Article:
- Kerala rains LIVE: Nearly 70 dead as flood bring state to standstill, schools shut today
- Independence Day 2018 HIGHLIGHTS: PM Modi announces healthcare scheme Ayushman Bharat, roll-out on Sept 25
- Real Madrid vs Atletico Madrid Highlights, UEFA Super Cup: Atletico Madrid beat Real Madrid 4-2 in extra time
What is artificial intelligence (AI)? Why is there so much discussion in science and tech circles about it?
Artificial Intelligence comes from computer systems that have been programmed to — or have learnt to — do tasks that would otherwise require human intelligence. Many apps and software are already making mundane work easier by doing a certain part of it for us, based on acquired intelligence. Companies like Uber are working on cars that travel from point to point, negotiating hurdles on the way and taking decisions on their own to ensure the journey is event-less.
While the full evolution of AI can open up a world of incredible possibilities, a fear many scientists have had is of computers beginning to gradually start doing things differently from the way in which a human programmer would do them. The worst nightmare in this scenario is of the creation of a new-age Frankenstein’s monster, a super-intelligent entity that is beyond human control.
And what was the exchange between Elon Musk and Mark Zuckerberg about?
It started when the Facebook CEO was asked his views on AI during a Facebook Live Q&A on July 23. A viewer referred to fears expressed by Musk about AI getting out of hand (details in next question). Zuckerberg rejected Musk’s fears. “I have pretty strong opinions on this. I am optimistic,” he said. “And I think people who are naysayers and try to drum up these doomsday scenarios — I just, I don’t understand it. It’s really negative and in some ways I actually think it is pretty irresponsible.”
Two days later, Musk hit back. “I’ve talked to Mark [Zuckerberg] about this. His understanding of the subject is limited,” he tweeted on July 25. Zuckerberg didn’t respond to this tweet, but wrote a Facebook post congratulating the AI team at his company, and reiterating his faith in the ability of AI to do good.
“One reason I’m so optimistic about AI is that improvements in basic research improve systems across so many different fields — from diagnosing diseases to keep us healthy, to improving self-driving cars to keep us safe, and from showing you better content in News Feed to delivering you more relevant search results,” he wrote. “Every time we improve our AI methods, all of these systems get better. I’m excited about all the progress here and its potential to make the world better.”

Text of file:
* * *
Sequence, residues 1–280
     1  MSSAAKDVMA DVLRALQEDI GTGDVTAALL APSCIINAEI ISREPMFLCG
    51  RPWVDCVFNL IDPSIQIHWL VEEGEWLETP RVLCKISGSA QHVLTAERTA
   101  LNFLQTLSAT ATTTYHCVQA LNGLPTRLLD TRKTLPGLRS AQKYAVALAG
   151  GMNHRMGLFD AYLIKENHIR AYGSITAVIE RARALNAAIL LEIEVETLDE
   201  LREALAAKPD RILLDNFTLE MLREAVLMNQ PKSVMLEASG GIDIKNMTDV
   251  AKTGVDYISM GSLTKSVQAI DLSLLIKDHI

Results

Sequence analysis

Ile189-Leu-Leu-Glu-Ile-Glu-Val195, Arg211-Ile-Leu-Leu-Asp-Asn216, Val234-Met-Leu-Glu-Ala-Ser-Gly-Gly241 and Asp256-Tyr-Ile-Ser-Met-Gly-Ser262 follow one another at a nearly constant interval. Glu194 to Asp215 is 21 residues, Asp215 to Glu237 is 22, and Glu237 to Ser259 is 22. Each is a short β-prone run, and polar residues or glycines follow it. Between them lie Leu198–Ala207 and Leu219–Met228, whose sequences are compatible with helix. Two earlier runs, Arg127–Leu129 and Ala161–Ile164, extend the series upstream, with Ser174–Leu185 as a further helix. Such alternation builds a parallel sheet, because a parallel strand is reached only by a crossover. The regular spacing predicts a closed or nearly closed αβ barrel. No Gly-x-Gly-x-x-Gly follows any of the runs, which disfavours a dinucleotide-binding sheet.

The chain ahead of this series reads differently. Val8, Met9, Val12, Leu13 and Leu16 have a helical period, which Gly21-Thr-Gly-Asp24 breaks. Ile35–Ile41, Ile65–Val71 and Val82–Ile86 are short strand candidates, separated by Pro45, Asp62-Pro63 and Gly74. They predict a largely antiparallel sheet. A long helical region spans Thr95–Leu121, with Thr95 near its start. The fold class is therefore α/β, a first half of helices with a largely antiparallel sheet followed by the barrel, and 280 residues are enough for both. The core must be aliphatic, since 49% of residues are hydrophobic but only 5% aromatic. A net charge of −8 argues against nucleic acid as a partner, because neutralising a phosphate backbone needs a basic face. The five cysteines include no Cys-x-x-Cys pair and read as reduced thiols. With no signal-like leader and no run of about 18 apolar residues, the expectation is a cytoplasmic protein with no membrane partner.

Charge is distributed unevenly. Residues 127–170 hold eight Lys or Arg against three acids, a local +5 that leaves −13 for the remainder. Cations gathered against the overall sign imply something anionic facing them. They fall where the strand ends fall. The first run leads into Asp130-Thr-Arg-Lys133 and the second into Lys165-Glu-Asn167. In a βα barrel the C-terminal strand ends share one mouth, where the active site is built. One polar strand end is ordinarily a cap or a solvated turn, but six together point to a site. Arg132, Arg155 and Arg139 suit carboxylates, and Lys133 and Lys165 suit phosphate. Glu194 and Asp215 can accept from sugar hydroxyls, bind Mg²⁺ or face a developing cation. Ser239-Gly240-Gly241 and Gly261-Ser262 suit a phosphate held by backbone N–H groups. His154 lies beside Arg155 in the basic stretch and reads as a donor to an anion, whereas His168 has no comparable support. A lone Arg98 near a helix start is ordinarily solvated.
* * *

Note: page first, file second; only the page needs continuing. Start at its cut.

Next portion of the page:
So why is Musk apprehensive about AI?
The comment that Zuckerberg got asked about was made on July 15, when Musk told the National Governors’ Association summer meeting at Providence, Rhode Island: “I have exposure to the very cutting edge AI, and I think people should be really concerned about it. I keep sounding the alarm bell, but until people see robots going down the street killing people, they don’t know how to react, because it seems so ethereal.”
Musk has held such views for several years now. In 2014, addressing students at MIT, he had said, “I think we should be very careful about artificial intelligence. If I were to guess like what our biggest existential threat is, it’s probably that… Increasingly, scientists think there should be some regulatory oversight, maybe at the national and international level, just to make sure that we don’t do something very foolish.” In the same speech, Musk compared AI to “summoning the demon”, and warned we might not be able to control it.
Also in 2014, Musk had tweeted: “We need to be super careful with AI. Potentially more dangerous than nukes.”
In June 2016, he told The Code Conference (where industry influencers have in-depth conversations about the current and future impact of digital technology on our lives), “I don’t love the idea of being a house cat,” adding that the way to avoid that fate was a “neural lace”, a sort of injectible mesh that fits on the human brain and gives it digital computing capabilities. “Creating a neural lace is the thing that really matters for humanity to achieve symbiosis with machines”, he tweeted on June 4, 2016.